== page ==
Prisons are excellent breeding grounds for HIV, enabling the AIDS virus to propagate swiftly and stealthily, yet many options exist for tackling the problem, the world AIDS conference heard.
Incidence of the human immunodeficiency virus (HIV) runs far higher among the 30 million people in the world's penitentiaries than in the general population, according to the UN Office on Drugs and Crime (UNODC).
AdvertisementSex between inmates, injecting drug use and tattooing are the main triggers for the spread, helped by overcrowding, corruption and poor access to condoms and anti-HIV therapy, said specialists at the International AIDS Conference here.
Katherine Todrys, who carried out a study for Human Rights Watch in six Zambian prisons, said that country did not even have a programme to test newly-admitted inmates for HIV.
"Currently there is no health screening whatsoever (for them)," she said.
Only 14 healthcare workers were available for 15,300 prisoners in Zambia's 86 jails, and caring for this population was limited essentially to distributing paracetamol, a pain reliever and fever reducer, she said.
For those diagnosed with HIV, many fail to get treatment because of "security fears, lack of transport and the decision of non-medical officers and other inmates", according to the HRW report.
Twenty-seven percent of prisoners in Zambia have HIV, nearly double the rate outside jail, according to 2008 figures published by the US State Department.
In Nigeria, campaigners are barred even from distributing condoms in detention facilities, Emeka Chima, from the Society for Family Health, told AFP.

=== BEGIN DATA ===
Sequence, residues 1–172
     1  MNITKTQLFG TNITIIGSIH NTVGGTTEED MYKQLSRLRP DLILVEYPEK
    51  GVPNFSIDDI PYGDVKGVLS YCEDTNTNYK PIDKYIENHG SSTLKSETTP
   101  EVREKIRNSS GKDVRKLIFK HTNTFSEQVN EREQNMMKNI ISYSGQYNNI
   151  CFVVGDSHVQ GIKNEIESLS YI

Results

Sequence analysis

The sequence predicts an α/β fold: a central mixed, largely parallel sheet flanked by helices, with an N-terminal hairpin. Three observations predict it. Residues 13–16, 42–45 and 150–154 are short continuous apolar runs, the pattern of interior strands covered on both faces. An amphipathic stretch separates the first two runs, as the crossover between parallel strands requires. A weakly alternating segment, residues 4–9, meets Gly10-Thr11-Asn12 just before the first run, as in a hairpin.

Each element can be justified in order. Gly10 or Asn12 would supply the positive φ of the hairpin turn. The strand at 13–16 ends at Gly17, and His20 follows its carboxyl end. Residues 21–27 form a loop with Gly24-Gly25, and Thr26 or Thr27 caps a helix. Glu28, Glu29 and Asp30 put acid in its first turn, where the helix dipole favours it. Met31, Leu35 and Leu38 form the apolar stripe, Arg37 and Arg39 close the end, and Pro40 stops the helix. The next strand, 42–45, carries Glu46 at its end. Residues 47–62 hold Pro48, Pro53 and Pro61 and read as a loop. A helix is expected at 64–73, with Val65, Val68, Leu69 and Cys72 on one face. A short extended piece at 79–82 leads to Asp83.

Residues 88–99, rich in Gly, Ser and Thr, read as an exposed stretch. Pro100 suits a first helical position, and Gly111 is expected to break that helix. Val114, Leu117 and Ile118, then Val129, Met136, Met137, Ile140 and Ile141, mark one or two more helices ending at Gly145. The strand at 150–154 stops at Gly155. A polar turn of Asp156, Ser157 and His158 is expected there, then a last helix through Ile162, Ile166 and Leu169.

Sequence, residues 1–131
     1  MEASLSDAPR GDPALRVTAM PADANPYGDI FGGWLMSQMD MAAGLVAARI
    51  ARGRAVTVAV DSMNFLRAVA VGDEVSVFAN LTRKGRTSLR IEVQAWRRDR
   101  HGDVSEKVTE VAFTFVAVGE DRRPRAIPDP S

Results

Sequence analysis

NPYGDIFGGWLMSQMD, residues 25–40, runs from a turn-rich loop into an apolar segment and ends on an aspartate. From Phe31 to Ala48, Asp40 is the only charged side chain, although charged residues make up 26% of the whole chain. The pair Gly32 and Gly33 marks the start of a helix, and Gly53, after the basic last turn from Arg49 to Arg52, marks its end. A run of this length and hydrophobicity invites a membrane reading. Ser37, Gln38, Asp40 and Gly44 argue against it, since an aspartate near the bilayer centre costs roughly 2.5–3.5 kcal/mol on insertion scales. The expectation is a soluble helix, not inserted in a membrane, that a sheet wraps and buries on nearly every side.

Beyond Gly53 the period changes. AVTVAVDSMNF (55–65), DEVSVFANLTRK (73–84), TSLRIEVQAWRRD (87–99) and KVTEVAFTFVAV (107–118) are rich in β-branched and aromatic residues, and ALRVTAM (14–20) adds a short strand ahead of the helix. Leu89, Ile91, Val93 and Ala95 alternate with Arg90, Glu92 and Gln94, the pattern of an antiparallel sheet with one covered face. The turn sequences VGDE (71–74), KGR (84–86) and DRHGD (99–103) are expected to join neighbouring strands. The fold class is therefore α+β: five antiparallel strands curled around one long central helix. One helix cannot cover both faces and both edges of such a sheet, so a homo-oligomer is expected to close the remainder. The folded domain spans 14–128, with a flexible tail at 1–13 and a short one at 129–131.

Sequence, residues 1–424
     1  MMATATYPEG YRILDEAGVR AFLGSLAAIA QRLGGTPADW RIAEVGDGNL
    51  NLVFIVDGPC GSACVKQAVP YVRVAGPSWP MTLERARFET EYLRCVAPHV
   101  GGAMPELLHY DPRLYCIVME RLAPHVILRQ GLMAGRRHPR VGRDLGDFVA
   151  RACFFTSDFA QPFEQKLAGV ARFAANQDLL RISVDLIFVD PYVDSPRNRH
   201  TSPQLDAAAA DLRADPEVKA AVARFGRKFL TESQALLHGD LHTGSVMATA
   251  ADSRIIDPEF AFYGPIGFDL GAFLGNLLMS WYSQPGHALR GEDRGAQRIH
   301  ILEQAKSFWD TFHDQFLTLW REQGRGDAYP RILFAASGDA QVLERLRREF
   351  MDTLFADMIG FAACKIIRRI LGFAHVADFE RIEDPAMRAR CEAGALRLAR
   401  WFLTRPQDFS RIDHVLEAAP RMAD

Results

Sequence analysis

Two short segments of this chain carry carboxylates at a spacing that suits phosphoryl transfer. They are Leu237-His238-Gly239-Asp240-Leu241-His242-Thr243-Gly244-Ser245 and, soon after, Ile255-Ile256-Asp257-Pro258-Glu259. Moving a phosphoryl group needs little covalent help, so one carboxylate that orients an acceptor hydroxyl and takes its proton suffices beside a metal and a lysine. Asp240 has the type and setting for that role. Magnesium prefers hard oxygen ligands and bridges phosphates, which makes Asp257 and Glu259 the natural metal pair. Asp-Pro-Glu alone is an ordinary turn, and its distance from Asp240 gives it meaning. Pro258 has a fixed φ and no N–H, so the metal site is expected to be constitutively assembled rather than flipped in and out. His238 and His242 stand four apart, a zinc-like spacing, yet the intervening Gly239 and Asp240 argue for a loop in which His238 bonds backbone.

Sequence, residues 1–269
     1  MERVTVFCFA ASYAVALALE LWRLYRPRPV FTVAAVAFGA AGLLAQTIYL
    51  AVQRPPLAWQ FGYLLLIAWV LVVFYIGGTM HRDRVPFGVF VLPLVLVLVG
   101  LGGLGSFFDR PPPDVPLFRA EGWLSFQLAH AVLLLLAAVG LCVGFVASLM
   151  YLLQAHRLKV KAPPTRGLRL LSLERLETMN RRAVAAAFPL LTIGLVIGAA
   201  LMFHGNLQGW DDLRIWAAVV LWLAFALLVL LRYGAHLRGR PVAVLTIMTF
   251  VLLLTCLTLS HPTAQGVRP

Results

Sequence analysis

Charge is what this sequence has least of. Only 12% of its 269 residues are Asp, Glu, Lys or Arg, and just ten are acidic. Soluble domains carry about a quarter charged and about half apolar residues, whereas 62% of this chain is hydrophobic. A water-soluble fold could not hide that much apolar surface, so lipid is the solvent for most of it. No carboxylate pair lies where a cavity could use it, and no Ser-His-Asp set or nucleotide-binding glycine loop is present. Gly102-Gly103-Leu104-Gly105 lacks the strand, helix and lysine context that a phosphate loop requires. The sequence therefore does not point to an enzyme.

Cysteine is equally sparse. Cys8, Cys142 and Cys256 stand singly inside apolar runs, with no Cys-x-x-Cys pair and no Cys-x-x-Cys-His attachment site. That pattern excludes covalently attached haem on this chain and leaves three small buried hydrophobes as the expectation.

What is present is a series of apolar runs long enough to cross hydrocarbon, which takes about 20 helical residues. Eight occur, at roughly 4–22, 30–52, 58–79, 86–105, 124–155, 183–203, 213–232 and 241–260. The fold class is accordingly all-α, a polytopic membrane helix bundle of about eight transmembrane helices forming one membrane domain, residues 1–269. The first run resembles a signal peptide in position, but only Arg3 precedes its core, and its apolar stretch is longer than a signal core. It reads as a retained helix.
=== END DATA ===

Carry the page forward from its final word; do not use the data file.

"It is prohibited because if you do that you're encouraging sodomy, that's the stance," he said. "In Nigeria, officially, same-sex practices don't exist." His association has now launched an information and education campaign for inmates and guards with the support of the Nigerian prison system.
The UNODC chose the AIDS forum to launch a "toolkit" spelling out ways for governments to introduce HIV prevention and treatment systems in prisons.
"Health care in prisons should be at least equivalent to that in the community," it insisted.
HIV prevention in detention facilities can be hugely effective, the Open Society Institute (OSI) said, citing the case of Moldova, which introduced needle and methadone programmes in the late 1990s that now reach 75 percent of inmates.
Researchers from Brown University in the United States said HIV prevention was most effective when initiated behind bars.
For instance, prisoners who were started on methadone, a safer substitute for heroin, before their release were far likelier to stick to this regimen compared with counterparts who, after emerging from prison, were simply pointed in the direction of a counsellor.
Relapse -- in which an injecting drug user turned once more to illegal drugs -- increased the later risk of HIV infection through shared syringes.
"Virtually every prisoner and every person who's arrested for a drug offence will return back to their community," said Samuel Dickman, who conducted the investigation.
"This isn't just about prisoners. This is about communities prisoners return to."